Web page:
Manchester City’s Yaya Toure and his agent Dimitri Seluk have said they will donate £100,000 to help victims of Monday's suicide bomb attack in Manchester. Twenty-two people, including many children, were killed and dozens more were injured after an explosion following an Ariana Grande concert at the Manchester Arena. Toure reportedly was moved to help when he saw details of the first victims emerging, including eight-year old Saffie Rose Roussos. Toure tweeted, "Such terrible news in Manchester. Thoughts and prayers with all those affected." Seluk, meanwhile, told Sky Sports: "The news an eight-year-old girl went to see her favourite singer and didn't return home is too much to bear. "Yaya and I want to help. We talked this morning about what happened and he asked me what he thought we could do. "We have agreed to donate £50,000 each to help the victims of this terrible crime. It doesn't matter whether the victims are from Manchester or not. "Those of us lucky enough to work every day in football can do so because of the generosity of fans across the world. "Yaya is from Ivory Coast, I am Russian. It doesn't matter. Today is a chance for those of us in football to help out "My son is eight years old and I can't image the pain and the suffering that the parents of Saffie will be going through today. Several reports have said that Manchester City coach Pep Guardiola's wife and two daughters were also in attendance on Monday, but managed to avoid injury.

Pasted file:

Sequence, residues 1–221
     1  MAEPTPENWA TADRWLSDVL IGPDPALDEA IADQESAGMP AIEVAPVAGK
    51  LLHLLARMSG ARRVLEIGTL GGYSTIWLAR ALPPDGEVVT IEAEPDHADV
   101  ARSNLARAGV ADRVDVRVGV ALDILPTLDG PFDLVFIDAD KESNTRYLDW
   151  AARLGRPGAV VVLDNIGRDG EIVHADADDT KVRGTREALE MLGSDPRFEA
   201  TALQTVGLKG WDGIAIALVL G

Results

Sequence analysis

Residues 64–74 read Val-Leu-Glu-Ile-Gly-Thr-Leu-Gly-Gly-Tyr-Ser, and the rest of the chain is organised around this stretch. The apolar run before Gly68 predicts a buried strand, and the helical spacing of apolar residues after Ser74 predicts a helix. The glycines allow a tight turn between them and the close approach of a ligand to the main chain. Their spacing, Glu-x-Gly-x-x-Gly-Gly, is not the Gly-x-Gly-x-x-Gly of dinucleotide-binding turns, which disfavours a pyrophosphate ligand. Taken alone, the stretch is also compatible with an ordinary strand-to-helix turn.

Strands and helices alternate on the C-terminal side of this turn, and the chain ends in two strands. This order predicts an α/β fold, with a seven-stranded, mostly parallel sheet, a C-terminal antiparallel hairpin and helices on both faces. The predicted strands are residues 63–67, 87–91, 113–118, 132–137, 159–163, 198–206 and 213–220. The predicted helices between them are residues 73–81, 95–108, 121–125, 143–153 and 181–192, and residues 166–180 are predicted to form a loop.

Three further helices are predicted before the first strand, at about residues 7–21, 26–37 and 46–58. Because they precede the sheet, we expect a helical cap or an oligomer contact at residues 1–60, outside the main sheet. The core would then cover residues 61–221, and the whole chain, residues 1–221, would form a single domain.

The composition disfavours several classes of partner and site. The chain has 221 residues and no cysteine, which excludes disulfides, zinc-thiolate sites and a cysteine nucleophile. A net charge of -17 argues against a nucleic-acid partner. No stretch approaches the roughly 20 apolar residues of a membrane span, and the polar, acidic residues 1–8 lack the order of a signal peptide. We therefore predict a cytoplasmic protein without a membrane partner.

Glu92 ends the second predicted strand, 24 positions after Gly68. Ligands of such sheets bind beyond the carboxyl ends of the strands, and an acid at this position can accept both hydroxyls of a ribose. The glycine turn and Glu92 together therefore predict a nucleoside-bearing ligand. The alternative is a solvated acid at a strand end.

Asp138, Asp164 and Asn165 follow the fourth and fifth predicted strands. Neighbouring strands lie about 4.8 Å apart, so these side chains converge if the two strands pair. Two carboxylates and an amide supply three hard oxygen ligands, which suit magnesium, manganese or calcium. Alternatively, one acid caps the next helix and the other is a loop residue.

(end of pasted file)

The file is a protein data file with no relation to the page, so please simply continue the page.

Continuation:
Shinji Kagawa has revealed the bomb blasts that shook the Borussia Dortmund team bus en-route to a Champions League game still haunts him. His comments follow in the wake of the devastating terror attack in Manchester at an Ariana Grande concert. The 28-year-old former Manchester United midfielder said he was "still frightened" following the attack in April that saw Marc Bartra suffer an injury to his wrist. The match against Monaco at Signal-Iduna-Park was postponed until the following day, but with the players still dealing with their ordeal, they lost the tie, before being eliminated from the competition over two legs. Kagawa explained: "I'm afraid to get on the bus, I am afraid to drive to games. "I was frightened - and I am still frightened, to be honest." The Japan international added on his blog: "I was petrified. I looked back and saw the shattered window panes. "I saw Marc Bartra curled up. Like everybody else, I was completely shaken."